Important information: The value of investments and the income from them, can go down as well as up, so you may get back less than you invest.

This article first appeared in the Telegraph.

WHEN it comes to our investments, what we see is often influenced by what we’ve got. If you have bought into the stay at home, technology, growth stock story that has fuelled the market’s pandemic recovery these past couple of years, you will be looking at the market through the prism of a painful correction.

You may, for example, hold the Scottish Mortgage investment trust, a popular way for UK investors to implement this narrative. It has lost around a third of its value since November. Tesla, one of the trust’s biggest holdings, has fallen from $1,200 to $930 just since the start of the year.

If, instead, you have taken a different view of the recovery - that it would result in a resurgence of demand for commodities, rising inflation and higher interest rates - you might be more relaxed. At the New Year, the miner BHP Billiton’s share price was around £22. Today it is just over £23. Gold, a traditional safe haven in inflationary times, is modestly higher year to date. Oil is up by a tenth and the share prices of BP and Shell have tracked crude higher. HSBC, which as a bank tends to enjoy rising interest rates, has seen its shares rise from 420p in November to around 500p today.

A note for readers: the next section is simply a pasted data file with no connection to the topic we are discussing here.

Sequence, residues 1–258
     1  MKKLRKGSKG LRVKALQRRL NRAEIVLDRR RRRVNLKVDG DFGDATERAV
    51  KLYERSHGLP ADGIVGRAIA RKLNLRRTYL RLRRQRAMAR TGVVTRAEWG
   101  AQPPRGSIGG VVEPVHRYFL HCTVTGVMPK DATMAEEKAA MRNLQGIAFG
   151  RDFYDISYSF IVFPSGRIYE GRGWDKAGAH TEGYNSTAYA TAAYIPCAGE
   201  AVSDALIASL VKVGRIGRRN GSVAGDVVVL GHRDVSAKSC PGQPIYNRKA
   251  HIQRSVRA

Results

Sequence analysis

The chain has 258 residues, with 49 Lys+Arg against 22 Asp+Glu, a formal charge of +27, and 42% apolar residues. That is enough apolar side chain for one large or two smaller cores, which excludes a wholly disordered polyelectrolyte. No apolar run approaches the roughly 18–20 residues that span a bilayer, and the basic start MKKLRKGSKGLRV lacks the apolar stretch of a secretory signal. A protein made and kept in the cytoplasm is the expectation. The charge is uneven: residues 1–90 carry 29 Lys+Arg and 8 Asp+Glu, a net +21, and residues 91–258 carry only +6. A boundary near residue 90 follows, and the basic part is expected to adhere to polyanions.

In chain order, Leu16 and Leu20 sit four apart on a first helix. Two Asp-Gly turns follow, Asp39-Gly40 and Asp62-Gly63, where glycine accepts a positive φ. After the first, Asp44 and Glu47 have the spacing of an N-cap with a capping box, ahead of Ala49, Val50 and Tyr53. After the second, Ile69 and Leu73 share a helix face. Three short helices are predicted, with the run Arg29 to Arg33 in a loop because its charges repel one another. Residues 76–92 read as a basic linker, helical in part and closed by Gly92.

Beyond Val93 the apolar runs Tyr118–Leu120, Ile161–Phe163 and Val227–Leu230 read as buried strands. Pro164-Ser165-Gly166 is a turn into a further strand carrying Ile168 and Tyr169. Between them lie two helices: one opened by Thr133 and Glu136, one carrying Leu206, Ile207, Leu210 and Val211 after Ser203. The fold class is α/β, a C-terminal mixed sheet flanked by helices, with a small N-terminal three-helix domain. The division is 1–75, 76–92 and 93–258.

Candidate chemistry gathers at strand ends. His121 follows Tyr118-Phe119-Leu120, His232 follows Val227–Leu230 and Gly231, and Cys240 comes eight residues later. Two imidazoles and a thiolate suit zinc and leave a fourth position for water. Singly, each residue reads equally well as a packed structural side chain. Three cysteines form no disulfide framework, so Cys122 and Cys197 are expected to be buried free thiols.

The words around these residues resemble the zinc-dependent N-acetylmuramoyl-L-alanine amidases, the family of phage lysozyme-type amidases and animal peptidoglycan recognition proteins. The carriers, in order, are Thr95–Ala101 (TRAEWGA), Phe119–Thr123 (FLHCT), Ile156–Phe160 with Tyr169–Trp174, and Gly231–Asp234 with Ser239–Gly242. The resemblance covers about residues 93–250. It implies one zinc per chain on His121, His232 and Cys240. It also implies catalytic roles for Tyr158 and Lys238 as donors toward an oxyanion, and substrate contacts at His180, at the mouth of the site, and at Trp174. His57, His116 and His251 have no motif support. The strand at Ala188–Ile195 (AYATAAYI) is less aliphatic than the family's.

If you are exposed to the riskier, expensive parts of the market, you will have been alarmed not just by falling prices but by increasing volatility. Understandably so. According to Goldman Sachs, the market gyrations at the start of the week were historically unusual. Since the 1980s, the S&P 500 index has only ended in positive territory after being down by 4% during the same day on six occasions. These roller-coaster days all happened at moments of severe market stress, during the dot.com bubble and at the time of the financial crisis. As Goldman observed with understatement, this is not the sign of a healthy market.

But if your portfolio is less skewed to one investment theme, more diversified and better balanced, you may well view Monday’s extraordinary round trip for what it may have been - an options driven wobble in an illiquid equity market that has nothing to do with what is actually going on in the real economy. This is clear from what is happening elsewhere in financial markets, which is not much. Take the difference in the yield on so-called junk bonds and those on safe government bonds - what’s known as the yield spread. It has hardly budged this year, which suggests that no-one is particularly concerned about the health of even less robust companies in what remains a strong recovery from Covid.

So, when you hear that Wall Street is within a whisker of completing a market correction (usually defined as a 10% fall) or that Nasdaq is in a bear market (down 20%), it’s worth stepping back and asking what is actually going on. Which in my opinion is this: we are seeing a long overdue correction in one rather frothy part of the market, albeit one that has an outsized influence on the headline level of the index due to the gargantuan size of the companies involved.